Statistical models have frequently been used in highway safety studies. They can be utilized for various purposes, including establishing relationships between variables, screening covariates and predicting values. Generalized linear models (GLM) and hierarchical Bayes models (HBM) have been the most common types of model favored by transportation safety analysts. Over the last few years, researchers have proposed the back-propagation neural network (BPNN) model for modeling the phenomenon under study. Compared to GLMs and HBMs, BPNNs have received much less attention in highway safety modeling. The reasons are attributed to the complexity for estimating this kind of model as well as the problem related to over-fitting the data. To circumvent the latter problem, some statisticians have proposed the use of Bayesian neural network (BNN) models. These models have been shown to perform better than BPNN models while at the same time reducing the difficulty associated with over-fitting the data. The objective of this study is to evaluate the application of BNN models for predicting motor vehicle crashes. To accomplish this objective, a series of models was estimated using data collected on rural frontage roads in Texas. Three types of models were compared: BPNN, BNN and the negative binomial (NB) regression models.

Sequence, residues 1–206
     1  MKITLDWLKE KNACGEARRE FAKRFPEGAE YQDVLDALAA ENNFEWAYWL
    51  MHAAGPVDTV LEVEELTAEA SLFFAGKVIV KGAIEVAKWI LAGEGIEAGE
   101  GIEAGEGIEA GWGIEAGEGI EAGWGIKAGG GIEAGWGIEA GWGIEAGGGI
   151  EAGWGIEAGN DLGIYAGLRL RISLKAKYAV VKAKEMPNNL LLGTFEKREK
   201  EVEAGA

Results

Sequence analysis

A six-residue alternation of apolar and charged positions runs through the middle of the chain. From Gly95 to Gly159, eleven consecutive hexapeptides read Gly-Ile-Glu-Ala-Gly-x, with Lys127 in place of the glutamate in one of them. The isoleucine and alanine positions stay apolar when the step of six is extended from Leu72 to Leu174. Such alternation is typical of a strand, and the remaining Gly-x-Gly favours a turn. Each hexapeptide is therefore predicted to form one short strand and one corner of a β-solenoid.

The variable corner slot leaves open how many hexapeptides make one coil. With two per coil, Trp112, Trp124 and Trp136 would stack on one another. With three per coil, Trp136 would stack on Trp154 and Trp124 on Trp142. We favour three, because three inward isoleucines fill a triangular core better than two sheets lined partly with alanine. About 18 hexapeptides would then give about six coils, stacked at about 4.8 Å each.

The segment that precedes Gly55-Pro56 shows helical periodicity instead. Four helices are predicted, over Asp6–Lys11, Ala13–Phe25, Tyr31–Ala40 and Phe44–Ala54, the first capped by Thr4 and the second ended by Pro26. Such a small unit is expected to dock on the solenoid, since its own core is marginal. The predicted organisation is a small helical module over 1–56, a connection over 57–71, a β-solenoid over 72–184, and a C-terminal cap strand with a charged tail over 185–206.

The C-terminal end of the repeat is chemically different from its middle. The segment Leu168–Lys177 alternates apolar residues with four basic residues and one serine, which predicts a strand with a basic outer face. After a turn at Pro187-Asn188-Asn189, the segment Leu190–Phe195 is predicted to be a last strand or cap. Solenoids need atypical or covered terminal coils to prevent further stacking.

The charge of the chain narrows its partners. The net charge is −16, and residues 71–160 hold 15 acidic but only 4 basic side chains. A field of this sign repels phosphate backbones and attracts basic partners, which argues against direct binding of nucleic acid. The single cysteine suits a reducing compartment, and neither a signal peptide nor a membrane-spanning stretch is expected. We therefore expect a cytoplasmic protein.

The results of this study show that in general both types of neural network models perform better than the NB regression model in terms of data prediction. Although the BPNN model can occasionally provide better or approximately equivalent prediction performance compared to the BNN model, in most cases its prediction performance is worse than the BNN model. In addition, the data fitting performance of the BPNN model is consistently worse than the BNN model, which suggests that the BNN model has better generalization abilities than the BPNNmodel and can effectively alleviate the over-fitting problem without significantly compromising the nonlinear approximation ability. The results also show that BNNs could be used for other useful analyses in highway safety, including the development of accident modification factors and for improving the prediction capabilities for evaluating different highway design alternatives.